Published authors aren’t any more special than Sagan was. Yet we was as aspirants often perceive them to be: enlightened, wise, set apart, elevated. They are what we wish to become, so we gobble up whatever they throw at us, seldom stopping to wonder whether or not what we’re being told is, in fact, good information.
In the last five years I’ve gradually become aware of the fact that published authors exist on a very large spectrum. There are tiers within tiers within tiers. The mere fact that a person has a novel in print does not automatically make that individual an expert. Not at writing. Not at publishing. Not at anything. Heck, even having several novels in print doesn’t make that person an expert. It just means that person has been successful at selling stories to a publisher. Anything else coming out of that person’s mouth — or from their pen, or their word processor, or their blog — is their opinion. Trust it if you feel like it.
As an aspirant, what to do?
1) It’s okay to conclude that a published author — even someone who has won awards — is full of shit. Give yourself permission. Not all authors are created equal, when it comes to dispensing advice or information. Since many authors are flaming egotists who love a rapt audience, they sometimes get used to not having anyone walk up to them with a bullshit detector that is loudly pinging.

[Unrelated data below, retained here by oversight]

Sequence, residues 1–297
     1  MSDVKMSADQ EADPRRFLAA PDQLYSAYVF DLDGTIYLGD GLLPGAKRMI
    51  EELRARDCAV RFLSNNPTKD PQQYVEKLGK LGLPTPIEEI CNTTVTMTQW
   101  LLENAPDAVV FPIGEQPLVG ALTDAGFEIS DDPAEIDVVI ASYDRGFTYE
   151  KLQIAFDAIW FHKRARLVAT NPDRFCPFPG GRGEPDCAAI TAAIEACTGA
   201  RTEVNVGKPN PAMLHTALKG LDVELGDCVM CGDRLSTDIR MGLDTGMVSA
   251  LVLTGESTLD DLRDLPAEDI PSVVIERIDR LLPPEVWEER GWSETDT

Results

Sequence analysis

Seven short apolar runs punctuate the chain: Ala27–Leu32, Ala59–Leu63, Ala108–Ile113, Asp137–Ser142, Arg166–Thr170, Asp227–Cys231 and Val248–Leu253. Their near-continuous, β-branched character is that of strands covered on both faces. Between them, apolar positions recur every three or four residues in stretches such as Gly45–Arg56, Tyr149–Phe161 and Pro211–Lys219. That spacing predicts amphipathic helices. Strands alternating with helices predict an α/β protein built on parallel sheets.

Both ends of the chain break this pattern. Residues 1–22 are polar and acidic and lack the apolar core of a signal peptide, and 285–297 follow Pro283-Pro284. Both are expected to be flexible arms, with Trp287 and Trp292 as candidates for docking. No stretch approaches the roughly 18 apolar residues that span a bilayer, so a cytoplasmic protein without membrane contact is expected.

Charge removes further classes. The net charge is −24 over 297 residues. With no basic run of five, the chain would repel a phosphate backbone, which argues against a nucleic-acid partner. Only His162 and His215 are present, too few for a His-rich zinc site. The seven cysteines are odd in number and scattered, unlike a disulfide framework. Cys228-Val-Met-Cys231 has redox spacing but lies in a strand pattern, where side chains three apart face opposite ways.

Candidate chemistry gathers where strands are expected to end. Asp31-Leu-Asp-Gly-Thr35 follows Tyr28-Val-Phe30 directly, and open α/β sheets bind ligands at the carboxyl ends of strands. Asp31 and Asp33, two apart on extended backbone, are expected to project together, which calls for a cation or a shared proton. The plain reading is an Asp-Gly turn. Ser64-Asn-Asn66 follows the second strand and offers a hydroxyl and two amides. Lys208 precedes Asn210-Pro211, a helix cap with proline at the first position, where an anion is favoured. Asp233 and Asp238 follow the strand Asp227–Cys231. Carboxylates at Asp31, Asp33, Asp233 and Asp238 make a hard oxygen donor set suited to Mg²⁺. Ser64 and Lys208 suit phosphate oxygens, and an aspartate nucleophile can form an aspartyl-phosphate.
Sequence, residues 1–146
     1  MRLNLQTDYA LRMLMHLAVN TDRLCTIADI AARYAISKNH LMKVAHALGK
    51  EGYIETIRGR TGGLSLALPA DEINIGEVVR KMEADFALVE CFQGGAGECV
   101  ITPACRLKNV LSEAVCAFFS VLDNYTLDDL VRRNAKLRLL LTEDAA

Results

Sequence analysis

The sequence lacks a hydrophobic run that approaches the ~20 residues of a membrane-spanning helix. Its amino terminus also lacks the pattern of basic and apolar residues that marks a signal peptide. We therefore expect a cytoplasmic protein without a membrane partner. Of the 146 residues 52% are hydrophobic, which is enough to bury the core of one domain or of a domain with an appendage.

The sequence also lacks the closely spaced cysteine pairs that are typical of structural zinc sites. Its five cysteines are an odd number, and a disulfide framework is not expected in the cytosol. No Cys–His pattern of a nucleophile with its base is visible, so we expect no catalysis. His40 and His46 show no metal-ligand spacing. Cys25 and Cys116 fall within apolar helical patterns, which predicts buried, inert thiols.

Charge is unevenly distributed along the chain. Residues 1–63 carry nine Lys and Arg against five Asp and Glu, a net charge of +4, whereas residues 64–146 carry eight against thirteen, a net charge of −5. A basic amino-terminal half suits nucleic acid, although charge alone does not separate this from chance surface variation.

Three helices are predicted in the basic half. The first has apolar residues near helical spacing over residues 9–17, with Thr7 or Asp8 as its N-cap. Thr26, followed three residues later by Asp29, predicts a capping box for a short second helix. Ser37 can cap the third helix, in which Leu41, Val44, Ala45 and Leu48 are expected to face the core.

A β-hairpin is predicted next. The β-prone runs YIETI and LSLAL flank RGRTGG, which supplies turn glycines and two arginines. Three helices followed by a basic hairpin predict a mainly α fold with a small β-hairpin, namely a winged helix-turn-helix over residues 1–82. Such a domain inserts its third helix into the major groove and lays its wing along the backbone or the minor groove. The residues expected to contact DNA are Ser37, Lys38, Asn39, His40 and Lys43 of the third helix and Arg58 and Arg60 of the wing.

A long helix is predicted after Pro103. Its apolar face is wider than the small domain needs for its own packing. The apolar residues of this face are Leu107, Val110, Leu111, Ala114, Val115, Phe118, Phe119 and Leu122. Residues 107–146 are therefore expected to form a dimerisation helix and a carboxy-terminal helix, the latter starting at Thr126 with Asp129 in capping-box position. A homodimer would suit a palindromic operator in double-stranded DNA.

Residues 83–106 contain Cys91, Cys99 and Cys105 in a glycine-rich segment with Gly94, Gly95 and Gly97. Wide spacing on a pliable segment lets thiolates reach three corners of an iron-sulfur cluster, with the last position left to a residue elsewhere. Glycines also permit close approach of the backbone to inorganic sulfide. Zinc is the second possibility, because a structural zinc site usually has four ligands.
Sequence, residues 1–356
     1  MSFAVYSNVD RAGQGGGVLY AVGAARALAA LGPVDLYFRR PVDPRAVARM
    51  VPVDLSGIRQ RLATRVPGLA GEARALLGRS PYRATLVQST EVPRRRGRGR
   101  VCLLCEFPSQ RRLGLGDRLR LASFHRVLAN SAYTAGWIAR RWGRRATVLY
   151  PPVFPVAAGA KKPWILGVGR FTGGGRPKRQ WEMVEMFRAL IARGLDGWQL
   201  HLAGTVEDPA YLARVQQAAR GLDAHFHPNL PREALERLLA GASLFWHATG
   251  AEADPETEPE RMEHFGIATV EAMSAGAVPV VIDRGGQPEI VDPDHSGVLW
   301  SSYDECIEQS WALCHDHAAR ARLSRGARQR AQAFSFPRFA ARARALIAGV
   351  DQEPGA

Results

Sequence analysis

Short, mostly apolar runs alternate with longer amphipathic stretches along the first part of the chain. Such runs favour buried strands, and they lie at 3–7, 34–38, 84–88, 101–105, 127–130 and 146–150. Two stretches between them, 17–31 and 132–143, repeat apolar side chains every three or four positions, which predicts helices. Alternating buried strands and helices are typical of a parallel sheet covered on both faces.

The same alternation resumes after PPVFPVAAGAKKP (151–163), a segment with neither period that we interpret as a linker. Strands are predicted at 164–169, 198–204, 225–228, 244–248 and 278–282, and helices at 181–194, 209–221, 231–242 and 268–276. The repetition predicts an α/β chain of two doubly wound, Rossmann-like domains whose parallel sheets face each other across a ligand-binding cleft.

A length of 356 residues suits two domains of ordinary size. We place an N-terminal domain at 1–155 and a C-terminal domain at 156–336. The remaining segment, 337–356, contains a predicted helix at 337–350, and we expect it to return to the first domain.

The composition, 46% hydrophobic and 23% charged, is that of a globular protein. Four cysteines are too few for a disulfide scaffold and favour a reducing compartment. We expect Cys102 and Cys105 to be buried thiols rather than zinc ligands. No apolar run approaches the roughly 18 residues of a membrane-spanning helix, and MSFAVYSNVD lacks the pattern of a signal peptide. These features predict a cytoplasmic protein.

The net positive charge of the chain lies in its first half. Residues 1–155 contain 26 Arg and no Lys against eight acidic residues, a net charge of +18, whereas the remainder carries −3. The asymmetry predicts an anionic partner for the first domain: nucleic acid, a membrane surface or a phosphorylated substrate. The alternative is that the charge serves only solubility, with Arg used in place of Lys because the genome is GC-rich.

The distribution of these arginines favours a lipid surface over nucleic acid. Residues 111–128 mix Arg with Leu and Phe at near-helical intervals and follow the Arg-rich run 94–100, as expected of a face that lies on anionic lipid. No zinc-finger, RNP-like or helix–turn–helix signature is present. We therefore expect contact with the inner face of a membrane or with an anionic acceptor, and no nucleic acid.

2) Your bullshit detector is simple: contrast what one author is saying versus what other, even more prominent or long-experienced authors are saying. If the less-experienced author’s words don’t jive with what several other, more-experienced authors are saying, chances are that’s your answer.
3) Realize that every author’s path to publication and/or success is a unique experience. There are parallels, but when viewed in detail, no one author’s experience will duplicate another author’s. Thus what worked for one author won’t necessarily work for another author, or for you. Also realize that you emulate an outlier at your own risk. Authors who took a truly unusual or exceptional path to get where they are, will be the toughest to follow. In fact, it might be impossible to follow them.
4) Beware of the fact that outliers are sometimes the ones who talk the longest and the loudest. Can’t blame them. They’re proud of having gotten over, under, around, or through certain barriers the rest of us are forced to sit and gnaw on for protracted periods. Again, emulate an outlier at your own risk. Certain problems are just going to be par for the course. If an outlier makes broad statements to the contrary, whip out your bullshit detector.